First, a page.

Grade I: Difficult to hear, even with stethoscope Grade II: Quiet, heard with stethoscope Grade III: Moderately loud, no thrill Grade IV: Loud, may have a thrill Grade V: Very loud, heard with a stethoscope partially off chest; has thrill Grade VI: Can be heard with a stethoscope off chest; has a thrill

1. Blood Pressure a. Reflects relationship between cardiac output, peripheral vascular resistance, blood volume and viscosity, and arterial elasticity b. Factors influencing blood pressure 1. age 2. stress 3. race 4. drugs 5. diurnal (day-night) variations 6. gender c. Alterations in blood pressure 1. hypertension 2. hypotension d. Range of normal blood pressure 1. child under age 2 weighing at least 2700g: use flush technique, 3060mg Hg child over age two: 85-95/50-65 mm Hg 2. school age: 100-110/50-65 mm Hg 3. adolescent: 110-120/65-85 mm Hg 4. adult: <130 mm Hg Systolic / <85 mm Hg diastolic

BLOOD PRESSURE (BP) Common Mistakes during Upper Extremity BP Checks Too wide a bladder or cuff produces false low reading Too narrow a bladder or cuff produces false high reading Cuff wrapped too loosely produces a false high reading Deflating cuff too slowly produces false high diastolic reading Deflating cuff too quickly produces a false low systolic and false high diastolic reading Inaccurate inflation level produces a false low systolic reading Taking the blood pressure in lower extremities

Peripheral BP Measurement in the legs Use the popliteal artery behind knee as a stethoscope auscultatory site Position the client prone or sitting with knees slightly flexed Use wide, long cuff; wrap it so that the bladder is over the posterior aspect of midthigh Systolic blood pressures in legs are 20-40 mmHg higher than in the brachial artery Diastolic pressure in the legs is about the same as in the brachial artery 2. Internal carotid arteries in neck a. palpate each separately along margin of sternocleidomastoid b. normal findings: strong thrusting pulse c. auscultate both sides d. normal findings: no sound heard e. constriction causes bruit Jugular veins a. client in supine position with head elevated at 45 degrees b. normal findings: pulsations not evident c. jugular venous pressure (JVP): not to exceed 3 cm above level of sternal angle Peripheral arteries and veins a. Pulse - locations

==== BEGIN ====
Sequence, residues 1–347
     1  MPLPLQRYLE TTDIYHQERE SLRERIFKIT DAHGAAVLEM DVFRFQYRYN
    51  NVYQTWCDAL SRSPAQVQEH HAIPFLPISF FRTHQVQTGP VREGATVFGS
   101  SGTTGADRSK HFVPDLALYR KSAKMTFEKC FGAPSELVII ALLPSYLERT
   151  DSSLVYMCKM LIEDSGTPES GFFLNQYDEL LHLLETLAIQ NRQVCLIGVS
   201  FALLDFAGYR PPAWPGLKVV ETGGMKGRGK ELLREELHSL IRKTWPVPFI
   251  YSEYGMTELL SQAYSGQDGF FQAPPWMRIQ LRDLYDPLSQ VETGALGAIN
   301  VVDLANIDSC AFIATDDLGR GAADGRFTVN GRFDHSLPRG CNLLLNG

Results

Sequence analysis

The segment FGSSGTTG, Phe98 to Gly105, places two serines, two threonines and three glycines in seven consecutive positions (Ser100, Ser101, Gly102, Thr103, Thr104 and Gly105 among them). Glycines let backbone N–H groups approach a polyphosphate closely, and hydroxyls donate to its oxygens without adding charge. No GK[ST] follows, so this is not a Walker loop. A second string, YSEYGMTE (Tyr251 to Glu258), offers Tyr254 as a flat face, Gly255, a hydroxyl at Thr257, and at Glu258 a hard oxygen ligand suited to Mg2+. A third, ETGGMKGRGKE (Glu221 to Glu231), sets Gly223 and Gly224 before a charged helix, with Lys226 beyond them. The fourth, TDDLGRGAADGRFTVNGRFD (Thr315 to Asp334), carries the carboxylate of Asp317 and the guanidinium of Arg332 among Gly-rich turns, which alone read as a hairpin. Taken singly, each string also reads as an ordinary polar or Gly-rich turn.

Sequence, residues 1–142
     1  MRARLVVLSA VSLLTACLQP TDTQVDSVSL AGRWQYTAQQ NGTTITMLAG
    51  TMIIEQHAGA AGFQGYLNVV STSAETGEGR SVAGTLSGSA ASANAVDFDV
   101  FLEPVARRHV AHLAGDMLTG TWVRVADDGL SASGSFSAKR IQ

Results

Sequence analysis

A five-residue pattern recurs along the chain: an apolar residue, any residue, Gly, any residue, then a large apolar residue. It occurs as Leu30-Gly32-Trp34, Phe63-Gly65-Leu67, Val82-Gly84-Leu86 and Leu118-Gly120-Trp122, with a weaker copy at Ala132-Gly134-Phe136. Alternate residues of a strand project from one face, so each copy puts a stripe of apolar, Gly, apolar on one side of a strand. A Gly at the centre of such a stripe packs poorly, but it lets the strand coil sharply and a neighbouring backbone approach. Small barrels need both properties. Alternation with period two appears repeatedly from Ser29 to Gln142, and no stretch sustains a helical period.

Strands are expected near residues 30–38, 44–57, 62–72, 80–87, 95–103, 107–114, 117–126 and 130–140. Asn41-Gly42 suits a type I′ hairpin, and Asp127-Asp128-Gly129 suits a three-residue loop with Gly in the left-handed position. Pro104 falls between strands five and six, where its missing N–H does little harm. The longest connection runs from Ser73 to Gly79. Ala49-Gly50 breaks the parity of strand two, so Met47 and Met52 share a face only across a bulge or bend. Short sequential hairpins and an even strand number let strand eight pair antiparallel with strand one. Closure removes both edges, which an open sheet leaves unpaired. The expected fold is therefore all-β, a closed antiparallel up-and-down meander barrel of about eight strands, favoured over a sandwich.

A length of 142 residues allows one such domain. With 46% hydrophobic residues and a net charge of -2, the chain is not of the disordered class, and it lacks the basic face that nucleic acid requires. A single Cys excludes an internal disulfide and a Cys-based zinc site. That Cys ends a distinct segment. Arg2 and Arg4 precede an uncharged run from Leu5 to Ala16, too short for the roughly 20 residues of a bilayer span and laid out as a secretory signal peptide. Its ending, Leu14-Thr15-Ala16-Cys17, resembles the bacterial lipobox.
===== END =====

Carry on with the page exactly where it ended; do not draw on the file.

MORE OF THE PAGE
LOCATIONS OF PULSES Head - Neck 1. Temporal: over temporal bone lateral to eye 2. Carotid: over the carotid artery in neck Chest 3. Apical: between 4th and 5th intercostal space usually mid-clavicular line Arm 4. Brachial: in the antecubital area of arm 5. Radial: on thumb side of wrist 6. Ulnar: medial wrist Leg 7. Femoral: below the inguinal ligament 8. Popliteal: behind the knee 9. Posterior tibial: on inner side of each ankle 10. Dorsalis pedis: along top of foot


Normal range of peripheral pulses - infants: 120 to 160 beats/minutes - toddlers: 90 to 140 beats/minutes - preschool/school-age: 75 to 110 beats/ minute - adolescent/adult: 60 to 100 beats/minute Rhythm - regular (normal) or irregular Strength - reflects volume of blood ejected with each beat - grading system

c. d.


No pulse-0 Weak pulse-1+ Difficult to palpate-2+ Normal-3+ Bounding-4+ e. f. g. h. equality alterations dysrhythmias tissue perfusion - Temperature - Color: cyanosis - Clubbing - Edema

Pitting Edema Grading Scale 1+ Barely detectable-0 to inch pitting(mild) 2+ Indentation of <5mm- to inch pitting(moderate) 3+ Indentation of 5-10mm- to 1 inch pitting(severe) 4+ Indentation of >10mm- greater than 1 inch(severe)